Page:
David Trinidad

Re-Size Text: A A A A Comment

RSS blog print

Reagan Upshaw
Review of David Trinidad, Dear Prudence. New and Selected Poems. New York: Turtle Point Press, 2011. ISBN 978-1-933527-47-5. 495 pp. $19.00 paper.
“As a straight male, I read David Trinidad’s poems with admiration for his technique, coupled with the wish that he’d get serious and the nagging suspicion that he already has.” That sentence came from a review I wrote ten years ago for Trinidad’s book Plasticville. I was coming to terms with the hallmarks of Trinidad’s writing: an impressive technique, whether in rhyme and meter or in syllabics, used in the service of campy subject matter drawn from popular culture that seemed beneath such painstaking care. Imagine a villanelle, for example, with lines consisting of sentences a talking doll said when you pulled her cord or a sonnet consisting of the names of 1950’s movie monsters.
You don’t have to imagine, for “Chatty Cathy Villanelle” and “Monster Mash” are reprinted in Dear Prudence, Trinidad’s new and selected poems. The boundary between high and low culture, already the faintest of lines, is trampled into oblivion in Trinidad’s work. This is partly the result of Trinidad’s gay-and-proud-of-it aesthetic. He doesn’t back down from dealing with any aspect of his experience, whether it’s his sex life or his collection of Barbie Dolls. You think I’m swish? he seems to be saying, I’ll give you swish – here’s a poem which lovingly details Barbie’s wardrobe.
While I was reading Dear Prudence, I happened to read a piece in The New Yorker by David Sedaris, one of his essays based on memories from his childhood, and I was struck immediately by the similarities between the two Davids. Each of them grew up in a middle-class family headed by a hard-to-please father in denial about his son’s sexuality and an unhappy mother who took refuge in alcohol. Both boys later faced major problems with substance abuse before finally getting clean and finding their places in the world. Sedaris, however, chronicles his childhood with mordant humor; Trinidad’s pain is never far from the surface. His poems constitute a Bildungsroman of sort, a perfectly realized depiction of his difficult struggle, growing up in the San Fernando Valley in one of the many suburban developments that sprang up in post-World War II Southern California. Making a soul was a formidable activity for someone who was in but not of that culture.
Dear Prudence has its share of poems inspired by camp culture. “Peyton Place. A Haiku Soap Opera” consists of 31 haikus, each poem inspired by its corresponding episode of the 1960’s soap opera. Each line in “The Patty Duke Show: The Complete First Season” is a summation of that episode’s plot. Other poems have darker themes drawn from sensational stories of the decade, such as Sharon Tate’s murder or the eight student nurses killed by Richard Speck. Eleven poems deal with the most famous poet who emerged in the 60’s – Sylvia Plath, along with Ted Hughes and their son Nicholas.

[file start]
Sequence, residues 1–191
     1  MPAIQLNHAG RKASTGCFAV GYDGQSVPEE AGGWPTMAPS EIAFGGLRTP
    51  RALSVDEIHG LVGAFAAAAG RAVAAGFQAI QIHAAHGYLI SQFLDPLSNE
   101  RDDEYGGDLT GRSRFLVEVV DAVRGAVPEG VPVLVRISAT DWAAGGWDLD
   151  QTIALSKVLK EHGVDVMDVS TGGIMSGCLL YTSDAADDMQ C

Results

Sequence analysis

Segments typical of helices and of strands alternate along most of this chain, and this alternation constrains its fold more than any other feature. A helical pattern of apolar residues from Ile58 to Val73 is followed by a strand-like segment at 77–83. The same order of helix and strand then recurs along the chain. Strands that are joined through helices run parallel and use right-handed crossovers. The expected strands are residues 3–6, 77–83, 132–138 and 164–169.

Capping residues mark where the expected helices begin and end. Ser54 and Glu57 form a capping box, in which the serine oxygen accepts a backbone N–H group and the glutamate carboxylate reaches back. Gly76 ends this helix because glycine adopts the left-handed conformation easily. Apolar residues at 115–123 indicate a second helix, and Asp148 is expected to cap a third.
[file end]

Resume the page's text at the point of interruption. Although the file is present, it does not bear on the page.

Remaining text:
Through it all, Trinidad’s tone is elegiac, his new poems those of a middle-aged man looking back over his life and trying to make sense of it. He remembers dead family, friends, and lovers and looks up his childhood home on the street view of Google maps.   Remarkably, Trinidad manages to craft a literary personality that approaches the universal, a rendering of emotions we all can share. The camp obsessions – Marilyn Monroe, Joan Crawford, Bette Davis, Greta Garbo – and the collection of Barbie Dolls come to seem mere identifying features, individual as a mole on the cheek but unimportant to the general humanity of the author.
Two poems in this collection stand out for me. “A Poem Under the Influence” is astonishing, a 48-page poem written over seventeen months which gambols through Trinidad’s life, past and present. He throws in both fluffy and horrendous material, the one flowing over the other: his current lack of a partner, the two types of tiaras that come with the Sophisticated Lady model of the Barbie doll, disturbing movies seen in childhood, his rape as a teenager, a road trip east from Chicago, scores to be settled with other poets, a visit in the early 1980’s to Ted Berrigan and Alice Notley, you name it. Memories trigger other memories, and Trinidad goes with the flow. It’s a remarkable depiction of the poet and how he came to be.
The other poem, “The Past” is subtitled “After Neruda.” “Why do low moments / have more staying power / than happy ones, / some downright refusing, / though the theater is dark, / to vacate the stage?” Trinidad wonders, as he remembers his breakup with his longtime partner. He discusses his queerness and the pain it caused him while growing up, realizing, “There would be no peace / until I accepted / each wound, each loss / as necessary for my growth, / and ultimately right / and good.” Trinidad’s hard-won self-knowledge echoes Aeschylus, who wrote, “Against our very will, even in our own despite, comes wisdom by the awful grace of God.” There is stone underneath Trinidad’s fluff, and these poems reveal it.